Passing a men’s outfitters with all the models in the window wearing the Guy Fawkes masks. I darted in and asked if this was an identification with the protesters in Gezi Square, but the only responses were smiles and an enigmatic ‘indeed the masks come from Turkey!’

As with Ramallah there are a huge number of new buildings surging up the sides of the surrounding hills. They are large apartment blocks, many empty but which give the appearance of some measure of security – investors would not be building if there was concern that there would be an attack by the Israeli tanks or an explosion of Palestinian anger.

As ever youngsters were eager to talk. One eating lunch in a cafe with friends wanted to speak English and talked with intensity about her wish to visit Jerusalem, but she stated regretfully that she did not think she would be able to go there in her lifetime. ‘I would be able to go to London, if I were rich, but Jerusalem …’

Later we met with a Palestinian woman who had been involved in the establishment of a women’s cooperative in the late 1970s. They had set up an enterprise which made knickers from fine materials, sold at Sachs, Fifth Avenue and Harrods, while they produced a far cheaper version for Hebron. It had required connections – Salweh herself, a woman from the US and a man who had a workshop in NY, which was shipped to Ramallah and had a workshop in NY. There were fights with the Israelis about the labelling of the goods and they succeeded in establishing it as a West bank product from the Occupied Territories until the whole operation was so squeezed by the Israelis that it closed. On reflection she believed that small scale village-based groups and co-operatives could be established.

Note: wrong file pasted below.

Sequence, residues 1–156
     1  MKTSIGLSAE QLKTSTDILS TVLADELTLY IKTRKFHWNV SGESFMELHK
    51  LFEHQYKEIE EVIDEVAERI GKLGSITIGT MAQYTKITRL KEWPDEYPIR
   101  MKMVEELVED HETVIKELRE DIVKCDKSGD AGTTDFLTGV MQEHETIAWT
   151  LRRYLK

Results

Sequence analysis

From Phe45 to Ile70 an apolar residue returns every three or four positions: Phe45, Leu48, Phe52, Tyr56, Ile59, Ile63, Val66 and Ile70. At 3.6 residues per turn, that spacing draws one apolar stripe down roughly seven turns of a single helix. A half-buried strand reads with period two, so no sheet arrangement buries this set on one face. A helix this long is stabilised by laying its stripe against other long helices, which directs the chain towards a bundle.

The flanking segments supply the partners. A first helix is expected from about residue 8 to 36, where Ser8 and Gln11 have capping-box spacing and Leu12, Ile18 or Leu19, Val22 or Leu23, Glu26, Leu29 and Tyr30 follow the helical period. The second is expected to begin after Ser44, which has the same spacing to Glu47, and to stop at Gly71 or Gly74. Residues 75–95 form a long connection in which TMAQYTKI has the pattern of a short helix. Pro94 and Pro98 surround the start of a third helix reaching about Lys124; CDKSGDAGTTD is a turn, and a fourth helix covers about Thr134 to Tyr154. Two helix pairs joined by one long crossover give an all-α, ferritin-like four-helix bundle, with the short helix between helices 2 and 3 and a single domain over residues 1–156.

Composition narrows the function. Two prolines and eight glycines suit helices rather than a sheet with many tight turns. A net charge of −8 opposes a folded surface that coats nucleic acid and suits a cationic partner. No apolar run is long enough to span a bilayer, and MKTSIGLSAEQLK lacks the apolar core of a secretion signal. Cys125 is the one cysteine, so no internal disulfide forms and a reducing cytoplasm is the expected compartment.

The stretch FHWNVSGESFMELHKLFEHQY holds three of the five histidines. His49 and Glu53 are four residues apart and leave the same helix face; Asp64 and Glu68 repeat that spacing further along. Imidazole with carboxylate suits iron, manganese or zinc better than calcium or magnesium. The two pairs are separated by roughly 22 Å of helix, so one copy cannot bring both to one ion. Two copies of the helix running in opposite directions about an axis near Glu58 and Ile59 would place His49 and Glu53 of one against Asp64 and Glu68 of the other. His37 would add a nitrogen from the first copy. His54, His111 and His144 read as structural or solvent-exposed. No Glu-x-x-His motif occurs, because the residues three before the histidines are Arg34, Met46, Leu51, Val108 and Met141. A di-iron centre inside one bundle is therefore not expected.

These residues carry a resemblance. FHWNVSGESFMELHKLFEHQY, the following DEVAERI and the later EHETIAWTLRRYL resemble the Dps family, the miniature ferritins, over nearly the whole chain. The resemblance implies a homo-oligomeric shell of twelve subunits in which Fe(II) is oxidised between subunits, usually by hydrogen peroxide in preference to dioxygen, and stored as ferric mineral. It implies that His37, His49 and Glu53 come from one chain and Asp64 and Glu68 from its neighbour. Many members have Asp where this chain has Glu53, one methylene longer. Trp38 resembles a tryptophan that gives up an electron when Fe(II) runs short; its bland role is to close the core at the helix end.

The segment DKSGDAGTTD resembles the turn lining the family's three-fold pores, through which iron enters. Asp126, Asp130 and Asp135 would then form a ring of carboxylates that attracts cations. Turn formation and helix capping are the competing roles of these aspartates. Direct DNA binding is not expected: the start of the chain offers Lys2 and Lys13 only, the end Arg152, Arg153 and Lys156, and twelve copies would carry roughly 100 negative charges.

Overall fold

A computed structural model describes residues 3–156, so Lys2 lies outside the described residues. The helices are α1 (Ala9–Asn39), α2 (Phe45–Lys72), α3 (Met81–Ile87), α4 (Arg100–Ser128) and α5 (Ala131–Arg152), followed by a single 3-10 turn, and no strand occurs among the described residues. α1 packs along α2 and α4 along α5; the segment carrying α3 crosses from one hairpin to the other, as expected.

Signs of growth?

I wanted to know whether the amount of new building that was evident all around, signified confidence in the future, but no-one seemed to want to put it like that. Some argued that there had been a steep escalation of personal debts incurred because there had been an increase in the availability of bank loans. These were ‘guaranteed’ by either donor countries or by Gulf states, and as a result there had been cars and apartments being bought on credit, with all the consequential impacts of conservatism and being tied into a never ending cycle of debt. The question which was instantly raised was why are these loans are being released, and is this another way that the financial institutions are leaching the resources of the middle class and aspirant Palestinians.

Building is seen as a sign of growth in the economy yet in this case it is not a result of accumulated

Palestinian capital, but they are investments based on loans or fictitious capital dependent on securitization. But it is unclear from whom and why. It gives the appearance of a developing housing bubble, which leads one to suspect that it is going to soon crash. It would seem that at the present time buildings being erected have no use value as they are unfinished and without services, often remaining as empty shell- like structures. But can you have a commodity which has an exchange value having no current use value but which has use value in potential?

For the Palestinians, the currency of occupation is far more than the shekels. It is the radical distortions of their lives, the myths of autonomous control, an economic existence skewed, restricted and distorted by the Israeli state, lives determined by checkpoints and holdups, fees and military searches, applications to the Israelis for the right to build in Area C and the delays and refusals which follow, an evident display of the power of the Israelis spreading through Area C where settlements proliferate on all the prominent skylines, and the shackling of Palestinian hopes and aspirations.

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Jane ShalliceJane Shallice is a writer and activist